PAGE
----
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Versatile, Not Vain, That's Ron Eldard

Television * He likes 'playing a wide scope' of roles. His turn in 'Bash' can be seen on Showtime tonight.


Ron Eldard was caught in a yo-yo diet.

For his role in the 1999 off-Broadway production of "Bash," the normally fitness-conscious actor had stopped working out and let nature take its course to help emphasize his character's moral as well as physical flabbiness.

While still in that show, he was chosen to replace Kevin Anderson as elder son Biff, opposite Brian Dennehy's Willy Loman, in the hot Broadway revival of "Death of a Salesman." Because Biff is a former high school football star now earning his living as a farmhand, Eldard--a former Golden Gloves boxer--began working out again and trimmed himself down.

Then, with only about a week's turnaround--which is all he'd had initially--he rejoined "Bash" for its Los Angeles run last fall. On went the pounds again.

The 34-year-old actor smiles as he remembers his chameleonic transformation, which he enhanced on stage in "Bash" by wearing a bulky suit and stooping his shoulders. Some people who encountered him out of costume after the shows "were very confused, which I liked," he says.

Filmed for television at the end of the Los Angeles run, "Bash" reaches the small screen tonight, on pay cable channel Showtime. The three short plays by writer-director Neil LaBute ("Your Friends & Neighbors," the upcoming "Nurse Betty") also feature Calista Flockhart and Paul Rudd.

Eldard's turn in "Salesman" was seen on Showtime in January, and he returns to the stage with the Arthur Miller drama when it plays at Los Angeles' Ahmanson Theatre Sept. 20-Nov. 5.

The confluence of events should intensify the spotlight on this actor, who has amassed a long list of stage, television and film credits over the last decade yet hasn't reached the A-list of leading men.

"A lot of the actors I've always admired tend to have a wide range," Eldard says, elbows resting casually on a conference table at the Canon Theatre, where he performed in "Bash." "That's what interests me: playing a wide scope. But in the short haul, it can be confusing. I think people like to be able to put you in a box, or label you. I like to try to disappear more."

A rugged blond of Scottish and Irish stock, Eldard is probably best known for his recurring role as Shep during the 1995-96 season of the NBC drama "ER." The swashbuckling paramedic romanced Nurse Carol Hathaway, played by Eldard's real-life girlfriend, Julianna Margulies.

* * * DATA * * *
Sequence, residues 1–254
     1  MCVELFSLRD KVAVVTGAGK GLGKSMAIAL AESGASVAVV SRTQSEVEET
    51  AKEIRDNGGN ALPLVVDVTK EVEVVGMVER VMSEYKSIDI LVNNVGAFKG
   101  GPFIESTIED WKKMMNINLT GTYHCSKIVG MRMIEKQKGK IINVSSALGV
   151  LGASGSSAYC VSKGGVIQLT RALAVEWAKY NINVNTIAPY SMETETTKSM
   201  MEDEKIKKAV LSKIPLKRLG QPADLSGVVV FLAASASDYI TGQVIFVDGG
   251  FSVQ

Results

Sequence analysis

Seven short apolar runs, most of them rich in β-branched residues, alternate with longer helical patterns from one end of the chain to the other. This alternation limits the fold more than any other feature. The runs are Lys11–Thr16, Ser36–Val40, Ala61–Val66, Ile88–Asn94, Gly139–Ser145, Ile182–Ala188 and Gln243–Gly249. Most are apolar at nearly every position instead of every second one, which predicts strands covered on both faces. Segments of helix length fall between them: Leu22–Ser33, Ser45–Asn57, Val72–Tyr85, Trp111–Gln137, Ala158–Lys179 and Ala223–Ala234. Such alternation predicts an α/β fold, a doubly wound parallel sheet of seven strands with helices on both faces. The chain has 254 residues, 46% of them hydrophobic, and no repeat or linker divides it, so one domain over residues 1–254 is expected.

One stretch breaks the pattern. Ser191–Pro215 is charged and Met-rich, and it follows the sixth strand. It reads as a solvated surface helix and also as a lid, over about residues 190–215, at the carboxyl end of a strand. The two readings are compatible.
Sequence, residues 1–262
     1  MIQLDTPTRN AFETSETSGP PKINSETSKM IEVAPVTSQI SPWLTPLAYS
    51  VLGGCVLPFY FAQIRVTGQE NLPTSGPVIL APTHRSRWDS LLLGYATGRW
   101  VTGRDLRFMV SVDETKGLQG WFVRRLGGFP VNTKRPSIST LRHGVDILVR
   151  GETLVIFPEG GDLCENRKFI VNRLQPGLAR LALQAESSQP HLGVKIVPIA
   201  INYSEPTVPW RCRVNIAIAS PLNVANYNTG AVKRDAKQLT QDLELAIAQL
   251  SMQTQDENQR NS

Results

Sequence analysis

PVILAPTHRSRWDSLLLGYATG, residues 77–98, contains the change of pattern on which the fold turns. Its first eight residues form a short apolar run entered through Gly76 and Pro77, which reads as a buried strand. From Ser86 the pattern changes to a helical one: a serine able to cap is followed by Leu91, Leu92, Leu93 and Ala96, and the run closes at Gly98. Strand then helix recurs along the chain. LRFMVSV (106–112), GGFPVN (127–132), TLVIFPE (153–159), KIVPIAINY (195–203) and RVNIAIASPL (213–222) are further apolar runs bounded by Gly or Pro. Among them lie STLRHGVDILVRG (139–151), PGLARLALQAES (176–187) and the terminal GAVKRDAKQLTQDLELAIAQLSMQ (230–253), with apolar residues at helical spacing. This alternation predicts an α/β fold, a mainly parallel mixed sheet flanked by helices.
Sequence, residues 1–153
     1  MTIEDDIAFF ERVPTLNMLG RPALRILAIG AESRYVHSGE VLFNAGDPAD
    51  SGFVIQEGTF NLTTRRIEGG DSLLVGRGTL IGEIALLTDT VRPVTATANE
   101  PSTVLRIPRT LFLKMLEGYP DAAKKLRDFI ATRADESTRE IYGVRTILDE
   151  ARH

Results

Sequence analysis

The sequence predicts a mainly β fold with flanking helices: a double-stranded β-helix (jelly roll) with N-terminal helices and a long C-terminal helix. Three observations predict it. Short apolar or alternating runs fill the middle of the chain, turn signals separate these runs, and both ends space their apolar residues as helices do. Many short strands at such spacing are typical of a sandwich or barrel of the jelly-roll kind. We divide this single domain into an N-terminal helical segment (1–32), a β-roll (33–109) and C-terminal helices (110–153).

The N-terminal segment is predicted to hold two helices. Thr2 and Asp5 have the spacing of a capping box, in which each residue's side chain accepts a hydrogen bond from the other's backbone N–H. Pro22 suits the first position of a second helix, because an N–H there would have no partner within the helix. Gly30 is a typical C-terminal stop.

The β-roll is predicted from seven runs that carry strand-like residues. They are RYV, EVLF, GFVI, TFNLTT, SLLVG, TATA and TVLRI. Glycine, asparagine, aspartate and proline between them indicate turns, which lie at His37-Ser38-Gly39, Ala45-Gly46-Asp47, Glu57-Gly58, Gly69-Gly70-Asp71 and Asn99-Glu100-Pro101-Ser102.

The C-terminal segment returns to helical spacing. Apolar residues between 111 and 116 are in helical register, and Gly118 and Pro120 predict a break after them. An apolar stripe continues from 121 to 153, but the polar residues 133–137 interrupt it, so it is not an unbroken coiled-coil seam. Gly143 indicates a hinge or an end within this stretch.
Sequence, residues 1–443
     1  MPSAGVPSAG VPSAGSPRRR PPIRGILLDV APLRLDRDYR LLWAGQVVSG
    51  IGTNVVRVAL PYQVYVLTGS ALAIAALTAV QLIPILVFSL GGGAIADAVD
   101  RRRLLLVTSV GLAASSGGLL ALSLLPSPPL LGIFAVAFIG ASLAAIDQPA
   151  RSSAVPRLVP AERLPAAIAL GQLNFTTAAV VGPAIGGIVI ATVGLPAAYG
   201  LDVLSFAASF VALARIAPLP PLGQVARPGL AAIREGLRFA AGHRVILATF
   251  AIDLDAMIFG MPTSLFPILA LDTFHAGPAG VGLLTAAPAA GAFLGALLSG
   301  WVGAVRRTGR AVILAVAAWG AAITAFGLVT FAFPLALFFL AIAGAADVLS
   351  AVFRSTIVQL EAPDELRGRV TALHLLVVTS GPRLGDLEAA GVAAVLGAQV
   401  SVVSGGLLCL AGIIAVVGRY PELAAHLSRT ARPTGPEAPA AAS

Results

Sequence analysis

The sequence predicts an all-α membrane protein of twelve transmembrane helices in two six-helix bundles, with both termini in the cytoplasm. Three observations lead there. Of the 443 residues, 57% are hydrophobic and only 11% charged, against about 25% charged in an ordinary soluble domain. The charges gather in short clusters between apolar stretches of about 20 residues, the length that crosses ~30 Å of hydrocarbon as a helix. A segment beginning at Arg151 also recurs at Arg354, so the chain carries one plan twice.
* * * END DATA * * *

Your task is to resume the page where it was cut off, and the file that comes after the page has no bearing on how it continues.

The next season, Eldard co-starred as a guy's guy--read: a complete Neanderthal--opposite Rob Schneider on the NBC sitcom "Men Behaving Badly." Also on TV, he gave chilling performances as an abusive stepfather in the 1996 Showtime movie "Bastard Out of Carolina" and as a World War II private hardened by battle in the 1998 HBO movie "When Trumpets Fade."

He Has Played Both Good Guys and Bad

On the big screen, he played a creepy killer in 1996's "Sleepers," the heroic mission commander in 1998's "Deep Impact" and an oversexed hockey player in 1999's "Mystery, Alaska."

"Death of a Salesman" director Robert Falls describes Eldard as a performer of "amazing simplicity and ease--you never catch Ron Eldard 'acting.' "

"Maybe," the director adds by telephone from Chicago's Goodman Theatre, where he is artistic director, "that's his curse as well as his strength," since talent that doesn't advertise itself can be all too easy to overlook.

Falls is convinced, however, that when the right role comes along, "Ron will have a great breakthrough and will become a star. I think he's one of the great actors of that age range."

LaBute agrees. "If [stardom] is what he's looking for, I wouldn't put anything past him," the "Bash" writer-director says from London, where he's readying a new movie. "But what I think the future holds is good work."

He notes that there aren't many actors of Eldard's stature who would have spent most of last year on stage instead of in higher-paying film or television projects. "I think he is in love with what he does, the craft of it," LaBute says. "He's interested in his connection with an audience, not a connection with a studio or a publicist or whatever. And that's the only connection that's worth having, really."

In each of the three short plays that constitute "Bash," a seemingly average person confesses to a dark deed. Eldard performs the last piece, in which a traveling salesman tells his story to an unseen stranger. Laughing nervously and trying a bit too earnestly to prove that he's an OK sort of guy, he comes across as a fairly typical family man who, under duress, once made a horrific decision.

"There's a sweetness to him," the actor says. "There's a discomfort with himself, that he tries not to burden you with. There's a gentleness.

"There's also the opposite side of all this," Eldard adds, laughing. "That's what's great about playing that guy, is that all that other stuff comes out too."

LaBute says he was knocked out by Eldard's ability to "seduce" the audience--"to find a facade of harmlessness that could lull an audience into a sense of safety, and then, very bravely, turn on them."

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